Sunday, October 03, 2010

Eating an Elephant

My friend Mischief is eating an elephant, and all I can do is stand by with napkins and hot sauce.

I just recently polished off one last bowl of elephant stew, thin and bitter. I was moving things around in the freezer, pondering what nourishes me, what was worth keeping and what I would discard, when someone made a comment. When I turned back to what I was doing, I had a Tupperware bowl dated from July 2009 in my hand.

So I warmed it up and ate it, every salty drop of broth. The meat is all gone, the vegetables reduced to mushy bits at the bottom of the bowl and lingering ghosts in the watery fluid.

There are books out there about eating elephants, ranging from the classic cookbook about the seven stages of steaks, roasts, chops, burgers, sausages, stews, and organ meats. There are professionals who will advise you to start at the tail, or at the trunk. There are others who will give you pills if you take "too long" to eat your elephant, or if you're eating too fast and might choke.

We all eat an elephant at least once in our lives. Any time we give our hearts, we buy a future in an elephant. And that call option will come due; no way to sell that back. But elephants come in different sizes, and you can't predict what the market will have on any given day.

Grandpa becoming old and tired one day may produce a sweet pink cherubic elephant that yields a roast, a couple of sandwiches, and some tetrazzini. A beloved pet crossing the Rainbow Bridge may create meals for months. No one can tell you what size your elephant is, or how long you should be there at the table.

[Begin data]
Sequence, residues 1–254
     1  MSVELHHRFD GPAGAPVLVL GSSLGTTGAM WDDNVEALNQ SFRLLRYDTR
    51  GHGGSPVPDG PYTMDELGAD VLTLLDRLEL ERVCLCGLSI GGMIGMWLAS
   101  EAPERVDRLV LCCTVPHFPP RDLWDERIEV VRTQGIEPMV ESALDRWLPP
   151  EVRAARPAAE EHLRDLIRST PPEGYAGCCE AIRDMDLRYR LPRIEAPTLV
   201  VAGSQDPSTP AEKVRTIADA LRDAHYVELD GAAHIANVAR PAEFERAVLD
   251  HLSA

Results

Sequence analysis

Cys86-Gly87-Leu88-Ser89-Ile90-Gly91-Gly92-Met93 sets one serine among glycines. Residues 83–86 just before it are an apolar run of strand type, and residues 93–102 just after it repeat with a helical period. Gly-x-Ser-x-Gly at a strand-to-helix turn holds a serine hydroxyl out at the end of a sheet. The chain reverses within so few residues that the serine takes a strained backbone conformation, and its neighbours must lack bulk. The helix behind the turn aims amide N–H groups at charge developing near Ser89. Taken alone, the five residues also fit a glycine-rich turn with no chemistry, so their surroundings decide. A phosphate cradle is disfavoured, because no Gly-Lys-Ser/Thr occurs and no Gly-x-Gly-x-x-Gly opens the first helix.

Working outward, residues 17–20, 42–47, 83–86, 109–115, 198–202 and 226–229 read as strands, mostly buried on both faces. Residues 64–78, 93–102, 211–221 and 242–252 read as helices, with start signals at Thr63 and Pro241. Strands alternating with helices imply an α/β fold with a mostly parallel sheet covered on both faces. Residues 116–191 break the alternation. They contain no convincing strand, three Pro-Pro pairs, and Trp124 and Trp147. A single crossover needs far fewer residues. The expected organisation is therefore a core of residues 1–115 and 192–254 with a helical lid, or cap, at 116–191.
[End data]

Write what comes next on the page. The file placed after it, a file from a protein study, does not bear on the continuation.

I want to tell Mischief to ignore the quacking of the duck-billed platitudes. They mean well, they've eaten elephants before. I want to tell her that it's okay to leave the table to go have pizza and birthday cake with her friends. I want to tell her that chosing to do so does not mean she's giving up the project. That she doesn't need to listen to those who tell her she should march herself back into the kitchen and keep chewing on the rubbery bristly grey hide. That she doesn't have to ladle mignonette and salt onto the meat and sit there until she's totally done with the whole thing in one marathon sitting.

But that's just as much quackery as the rest of them--it's nothing more than my understanding of eating an elephant. Mischief has to eat her elephant on her own--I can't do it for her.

So I offer her napkins to wipe her face with, garlic wing sauce to make it taste a little better, and I replace her fork when she drops it or throws it in frustration. I do what I can to support her in this endeavor as she sits at the table.

Eating one bite at a time. Chewing, swallowing.